Alphabetical list of all titles

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Each of the HorseTravelBooks.com titles has a direct link to its own page on Barnes & Noble and Amazon.co.uk.   Alternatively, all of our titles can be ordered from your local bookshop.

Ocean to Ocean on Horseback

Willard Glazier

ISBN 1590480201


The “soldier-author” was how Willard Glazier billed himself.  
A penniless schoolboy at the beginning of the American Civil War, Glazier enlisted in a cavalry unit of the Union Army of the Potomac and was soon captured by Confederate troops. After a daring escape, he was recaptured, only to escape a second time, before finally reaching the Union lines again.
At the conclusion of the conflict Glazier wrote a book describing his wartime experiences. When every New York publisher rejected him, the young cavalryman self-published his work, hoping to make back his costs plus a hundred dollars profit. Instead, to his delight, the book took off like wildfire, selling 400,000 copies.
With the $75,000 profit realized from his efforts, Glazier determined to ride “from Ocean to Ocean.” Leaving New York state in 1875 on his horse, Paul Revere, the former trooper set out to see the mighty Pacific, many miles and many unexpected adventures away.
“Ocean to Ocean on Horseback” is Glazier at his best, complete with every sort of mounted adventure, and includes an account of how he was kidnapped by Arapahoe Indians. Amply illustrated with pen and ink drawings of the time, the book remains a timeless equestrian adventure classic.

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On Horseback in Virginia

Charles Dudley Warner

ISBN 1590480279


A prolific author, and a great friend of Mark Twain, Charles Warner made a witty and perceptive contribution to the world of nineteenth century American literature when he and Twain co-authored “The Gilded Age”, the book that gave the era its name.

In 1887 Warner combined his urbane wit with a love of adventure travel when he penned “On Horseback in Virginia.” Always a keen observer, the roving author set out on horseback to investigate a great, rugged stretch of southern Appalachia. The extended equestrian journey took Warner from Virginia, through North Carolina, and into the remote hills of Tennessee.

Additionally, the book contains a second narrative account of Warner’s equestrian adventures in the Old West. This time he saddled up and rode from El Paso, Texas to Mexico City, Mexico.

Both tales comprise a book full of meaty descriptions told by one of America’s premier nineteenth century storytellers.

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Ride the Wind

Miles Abernathy

ISBN 1590481267








Once they were famous from the Atlantic to the Pacific.

If you had asked any American school children in 1911 who Bud and Temple Abernathy were, they would have given you a look of disbelief. “Everyone knows the Abernathy Boys,” they would have said. And they would have been correct, because the mounted adventures of the little Long Riders from Oklahoma Territory had taken the United States by storm.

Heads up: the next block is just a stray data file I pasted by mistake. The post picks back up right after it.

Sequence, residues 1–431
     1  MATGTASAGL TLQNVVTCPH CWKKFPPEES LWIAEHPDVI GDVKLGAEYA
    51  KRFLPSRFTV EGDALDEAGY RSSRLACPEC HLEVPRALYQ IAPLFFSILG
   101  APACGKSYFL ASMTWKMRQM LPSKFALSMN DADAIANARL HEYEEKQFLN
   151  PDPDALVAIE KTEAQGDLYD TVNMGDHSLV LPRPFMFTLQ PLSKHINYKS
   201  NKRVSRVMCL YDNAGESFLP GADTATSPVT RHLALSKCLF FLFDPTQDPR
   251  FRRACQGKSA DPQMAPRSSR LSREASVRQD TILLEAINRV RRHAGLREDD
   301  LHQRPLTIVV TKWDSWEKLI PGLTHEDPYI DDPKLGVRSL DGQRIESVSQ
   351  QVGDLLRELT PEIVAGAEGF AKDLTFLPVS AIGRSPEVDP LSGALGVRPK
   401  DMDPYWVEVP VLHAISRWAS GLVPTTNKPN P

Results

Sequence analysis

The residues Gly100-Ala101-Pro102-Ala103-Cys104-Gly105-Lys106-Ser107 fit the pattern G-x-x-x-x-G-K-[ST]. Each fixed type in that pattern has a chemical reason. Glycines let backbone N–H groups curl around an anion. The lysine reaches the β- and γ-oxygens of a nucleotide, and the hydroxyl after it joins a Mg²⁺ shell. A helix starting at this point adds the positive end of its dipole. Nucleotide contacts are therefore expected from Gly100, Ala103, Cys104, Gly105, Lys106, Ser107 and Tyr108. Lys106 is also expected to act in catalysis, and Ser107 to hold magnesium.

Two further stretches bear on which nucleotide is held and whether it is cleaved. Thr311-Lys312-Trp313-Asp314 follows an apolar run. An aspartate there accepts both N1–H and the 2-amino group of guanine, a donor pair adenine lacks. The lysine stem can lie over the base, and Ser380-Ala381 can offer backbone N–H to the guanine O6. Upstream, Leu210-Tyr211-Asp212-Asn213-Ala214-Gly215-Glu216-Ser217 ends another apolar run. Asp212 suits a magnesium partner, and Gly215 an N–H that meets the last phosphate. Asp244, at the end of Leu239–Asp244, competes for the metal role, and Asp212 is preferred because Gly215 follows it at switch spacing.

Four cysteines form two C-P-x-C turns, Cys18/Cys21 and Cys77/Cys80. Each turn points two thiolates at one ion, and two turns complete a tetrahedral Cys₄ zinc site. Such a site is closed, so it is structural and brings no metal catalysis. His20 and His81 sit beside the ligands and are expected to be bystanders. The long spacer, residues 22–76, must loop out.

On their first equestrian journey in 1909 the tiny travelers, aged nine and five, encountered a host of Old West obstacles, including wolves and wild rivers, when they rode more than 1,000 miles from Oklahoma to Sante Fe and back – ALONE!

The following year the intrepid brothers set their sights on New York City, which they reached after a month of hard riding. Along the way Orville Wright offered to take them up in his new-fangled airplane and President Taft gave them a warm welcome when they reached the White House.

Kids envied them. Women adored them. Grown men pulled hair from their horses’ tails to keep as souvenirs. This public frenzy culminated when Bud and Temple rode their Oklahoma ponies alongside Teddy Roosevelt and the Rough Riders in a victory parade witnessed by more than a million cheering New Yorkers. Even though they were only six and ten years old, Temple and Bud Abernathy were a national sensation.

In the summer of 1911, they did the impossible. They rode nearly 4,000 miles, from New York to San Francisco, in only sixty-two days. Once again, the Abernathy Boys had made a historic ride without any adult assistance and accomplished an equestrian feat which has never been equaled.

Now this superbly-written version of their remarkable story, penned by a member of their family in 1910, has been reissued in conjunction with the creation of a life-sized statue being raised in honor of the world’s youngest equestrian travelers.

“The Abernathy Boys were mounted heroes whose memory deserves to be cherished by a new generation of children and horse lovers,” said Basha O'Reilly, a Founder Member of The Guild and Fellow of the Royal Geographical Society, who rode from Russia to England.

This new edition celebrates the equestrian legacy of Bud and Temple Abernathy.
Go to Amazon.co.uk or Barnes & Noble.

Saddle and Canoe

Theodore Winthrop


ISBN 1590480643

At first glance Theodore Winthrop didn’t look like a hardened equestrian adventurer when he set out to travel across Washington Territory in the early 1850s. The twenty-five-year-old was a recent graduate of Yale and a confirmed East Coast intellectual. Winthrop didn’t let his education handicap him however. Instead he set out to ride horses and canoes across some of the most remote portions of the early United States.
The resultant book, “Saddle and Canoe,” is a vibrant picture of frontier life in the Pacific Northwest and covers the author’s travels along the Straits of Juan De Fuca, on Vancouver Island, across the Naches Pass, and on to The Dalles, in Oregon Territory. Throughout his journey Winthrop spent much of his time among both pioneers and Indians, whose picturesque descriptions are found within the pages of this historic travel account. Never one to hold back his opinions, the Yankee traveler thus regales the reader with personal observations and blunt honesty on a host of topics, people and places.
Illustrated with drawings of the period, “Saddle and Canoe” also contains a vocabulary of the Chinook Indian language which Winthrop used during the course of this historic journey. A treasure to read, the book will be of interest to students of both the horse and history.

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Saddlebags for Suitcases

Mary Bosanquet


ISBN 1590480716